As of Wednesday afternoon, President Trump is not considering cutting taxes to stimulate the economy, according to remarks he made to reporters on the South Lawn of the White House. That’s the opposite of what he said in the Oval Office on Tuesday, when he told reporters, “We’re always looking at the capital gains tax, payroll tax,” and a return to what White House deputy press secretary Hogan Gidley had said earlier that day, when he told Fox News that a payroll tax cut was “not being considered at this time.”
In his 40-minute exchange with reporters, which included a long airing of his grievances with the Danish prime minister over what the president called her “nasty” dismissal of his offer to buy Greenland, and an elaboration on his accusation that Jewish Democrats are disloyal to Israel, Trump also seemed to leave open the possibility of support for expanded background checks for gun buyers, although it was hard to tell for sure.
“We have background checks, but there are loopholes in the background checks. And that’s what I spoke to the NRA about yesterday,” Trump said. “They want to get rid of the loopholes as well as I do. At the same time, I don’t want to take away people’s Second Amendment rights.”
Following the mass shootings in El Paso, Texas, and Dayton, Ohio, on Aug. 3 and 4, Trump implied that he was open to tighter background checks. A bill to achieve that has passed the House, but Senate Majority Leader Mitch McConnell has not brought it up in the Senate. On Tuesday, Trump emphasized mental illness as the key factor in mass shootings and claimed, “We have very, very strong background checks right now.”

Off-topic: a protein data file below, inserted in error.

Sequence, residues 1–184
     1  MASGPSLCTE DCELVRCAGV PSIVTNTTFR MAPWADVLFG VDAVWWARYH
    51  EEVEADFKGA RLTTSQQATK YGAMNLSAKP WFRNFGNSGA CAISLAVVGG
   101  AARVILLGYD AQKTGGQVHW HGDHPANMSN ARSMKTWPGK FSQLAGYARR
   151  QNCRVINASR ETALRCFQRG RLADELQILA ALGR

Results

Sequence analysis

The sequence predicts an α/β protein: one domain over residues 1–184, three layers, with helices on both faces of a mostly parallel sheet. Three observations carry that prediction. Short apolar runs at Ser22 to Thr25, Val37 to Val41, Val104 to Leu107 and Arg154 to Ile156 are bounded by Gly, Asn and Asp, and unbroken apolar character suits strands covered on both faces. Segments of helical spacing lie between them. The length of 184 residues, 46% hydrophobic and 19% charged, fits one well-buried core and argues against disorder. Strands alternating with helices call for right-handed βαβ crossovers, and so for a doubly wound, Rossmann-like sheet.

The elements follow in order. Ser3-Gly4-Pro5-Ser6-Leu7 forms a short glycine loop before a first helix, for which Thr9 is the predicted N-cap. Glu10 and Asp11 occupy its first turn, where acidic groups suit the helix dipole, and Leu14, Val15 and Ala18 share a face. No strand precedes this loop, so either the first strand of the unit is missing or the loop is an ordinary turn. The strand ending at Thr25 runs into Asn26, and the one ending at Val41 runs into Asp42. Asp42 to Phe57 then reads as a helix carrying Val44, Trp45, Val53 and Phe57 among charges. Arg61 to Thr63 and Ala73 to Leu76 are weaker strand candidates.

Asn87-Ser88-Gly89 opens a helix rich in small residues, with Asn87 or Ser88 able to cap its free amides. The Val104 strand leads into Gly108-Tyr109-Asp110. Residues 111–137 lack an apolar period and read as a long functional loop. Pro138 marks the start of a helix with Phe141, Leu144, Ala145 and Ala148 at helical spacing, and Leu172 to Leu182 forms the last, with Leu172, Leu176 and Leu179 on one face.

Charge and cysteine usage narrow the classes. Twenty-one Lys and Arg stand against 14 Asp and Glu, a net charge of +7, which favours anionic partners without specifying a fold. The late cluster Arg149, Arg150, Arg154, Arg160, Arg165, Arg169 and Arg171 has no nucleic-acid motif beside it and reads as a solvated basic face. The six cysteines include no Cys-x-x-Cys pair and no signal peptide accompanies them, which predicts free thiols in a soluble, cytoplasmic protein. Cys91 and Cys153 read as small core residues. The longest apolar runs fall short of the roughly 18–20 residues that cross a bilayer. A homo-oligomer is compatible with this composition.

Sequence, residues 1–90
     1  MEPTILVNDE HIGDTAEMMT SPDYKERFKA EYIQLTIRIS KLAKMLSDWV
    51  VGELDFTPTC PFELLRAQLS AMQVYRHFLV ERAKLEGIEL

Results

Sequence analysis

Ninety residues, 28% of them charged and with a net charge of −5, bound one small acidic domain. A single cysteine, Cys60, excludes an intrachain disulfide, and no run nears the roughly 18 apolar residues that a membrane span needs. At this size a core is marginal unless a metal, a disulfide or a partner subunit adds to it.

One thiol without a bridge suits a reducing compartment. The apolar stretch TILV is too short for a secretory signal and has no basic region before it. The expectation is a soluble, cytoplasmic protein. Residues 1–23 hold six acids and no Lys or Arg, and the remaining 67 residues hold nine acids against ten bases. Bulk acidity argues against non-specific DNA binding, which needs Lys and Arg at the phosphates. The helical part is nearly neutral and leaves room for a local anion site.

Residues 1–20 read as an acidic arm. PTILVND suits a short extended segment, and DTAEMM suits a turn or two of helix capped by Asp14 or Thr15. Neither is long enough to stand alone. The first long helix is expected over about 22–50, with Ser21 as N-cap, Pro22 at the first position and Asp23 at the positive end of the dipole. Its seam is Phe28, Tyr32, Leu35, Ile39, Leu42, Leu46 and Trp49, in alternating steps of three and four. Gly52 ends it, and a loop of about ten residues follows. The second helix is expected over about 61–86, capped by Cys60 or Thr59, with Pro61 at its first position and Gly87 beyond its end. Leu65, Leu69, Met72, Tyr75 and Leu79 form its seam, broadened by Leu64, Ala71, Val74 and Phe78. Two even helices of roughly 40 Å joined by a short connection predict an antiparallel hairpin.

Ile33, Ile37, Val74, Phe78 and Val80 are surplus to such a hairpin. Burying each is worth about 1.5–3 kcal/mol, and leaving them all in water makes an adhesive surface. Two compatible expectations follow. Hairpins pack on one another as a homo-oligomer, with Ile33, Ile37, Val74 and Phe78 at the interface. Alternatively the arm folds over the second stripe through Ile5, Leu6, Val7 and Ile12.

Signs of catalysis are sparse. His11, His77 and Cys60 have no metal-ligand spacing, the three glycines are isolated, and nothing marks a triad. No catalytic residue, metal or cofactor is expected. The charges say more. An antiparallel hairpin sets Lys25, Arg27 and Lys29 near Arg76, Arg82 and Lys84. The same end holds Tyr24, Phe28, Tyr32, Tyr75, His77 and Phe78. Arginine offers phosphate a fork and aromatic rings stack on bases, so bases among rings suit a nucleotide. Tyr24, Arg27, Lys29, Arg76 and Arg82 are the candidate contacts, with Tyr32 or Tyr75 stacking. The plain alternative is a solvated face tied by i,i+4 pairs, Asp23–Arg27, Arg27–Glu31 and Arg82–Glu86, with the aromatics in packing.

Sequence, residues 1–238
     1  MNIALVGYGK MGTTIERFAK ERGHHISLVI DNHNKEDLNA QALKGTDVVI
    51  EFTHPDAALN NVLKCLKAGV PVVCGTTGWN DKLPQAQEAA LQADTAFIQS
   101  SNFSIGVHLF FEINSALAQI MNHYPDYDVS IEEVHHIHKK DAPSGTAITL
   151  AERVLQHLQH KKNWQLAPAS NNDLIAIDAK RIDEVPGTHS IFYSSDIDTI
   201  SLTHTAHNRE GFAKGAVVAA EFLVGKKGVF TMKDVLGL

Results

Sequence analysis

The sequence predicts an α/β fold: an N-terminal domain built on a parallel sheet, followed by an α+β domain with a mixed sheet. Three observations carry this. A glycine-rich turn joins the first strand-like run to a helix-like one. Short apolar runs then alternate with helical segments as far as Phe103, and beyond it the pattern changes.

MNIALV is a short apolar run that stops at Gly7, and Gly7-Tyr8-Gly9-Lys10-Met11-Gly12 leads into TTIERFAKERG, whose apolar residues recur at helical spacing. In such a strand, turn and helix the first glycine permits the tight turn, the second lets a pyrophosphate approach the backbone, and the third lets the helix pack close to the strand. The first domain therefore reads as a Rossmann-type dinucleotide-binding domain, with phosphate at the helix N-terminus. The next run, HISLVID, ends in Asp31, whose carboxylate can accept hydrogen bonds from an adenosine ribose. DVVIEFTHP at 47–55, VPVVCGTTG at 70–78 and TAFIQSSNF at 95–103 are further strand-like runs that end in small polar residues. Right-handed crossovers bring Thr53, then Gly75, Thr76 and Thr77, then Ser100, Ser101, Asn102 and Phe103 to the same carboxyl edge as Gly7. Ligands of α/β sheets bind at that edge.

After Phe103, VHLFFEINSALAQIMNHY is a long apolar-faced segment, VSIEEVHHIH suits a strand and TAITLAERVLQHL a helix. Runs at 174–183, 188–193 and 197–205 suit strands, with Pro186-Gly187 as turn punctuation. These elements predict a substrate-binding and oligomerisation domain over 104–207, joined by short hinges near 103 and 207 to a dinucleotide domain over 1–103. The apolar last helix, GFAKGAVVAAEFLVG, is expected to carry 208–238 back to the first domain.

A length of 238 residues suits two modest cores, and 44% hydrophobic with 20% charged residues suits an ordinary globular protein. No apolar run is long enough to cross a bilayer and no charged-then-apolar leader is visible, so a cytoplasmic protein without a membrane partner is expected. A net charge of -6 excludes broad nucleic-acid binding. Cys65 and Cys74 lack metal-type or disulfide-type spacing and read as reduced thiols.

According to the Atlantic, the president called National Rifle Association chief executive Wayne LaPierre on Tuesday and assured him he would not pursue the idea.
Trump denied Wednesday that he had made such a promise.
“We are working on background checks. There are things we can do. But we already have very serious background checks,” Trump said. “We can close up the gaps. We can do things that are very good and things that, frankly, gun owners want to have done.”
On payroll taxes, “I’m not looking at a tax cut now,” Trump said.
After the press gaggle, Trump departed for Kentucky, where he gave a speech at the American Veterans 75th National Convention. Not long into his remarks, the president’s mixed messaging continued.
“I won’t say it here because this is not a campaign speech,” Trump said. “I won’t say ‘Keep America Great,’ but keep America great.”
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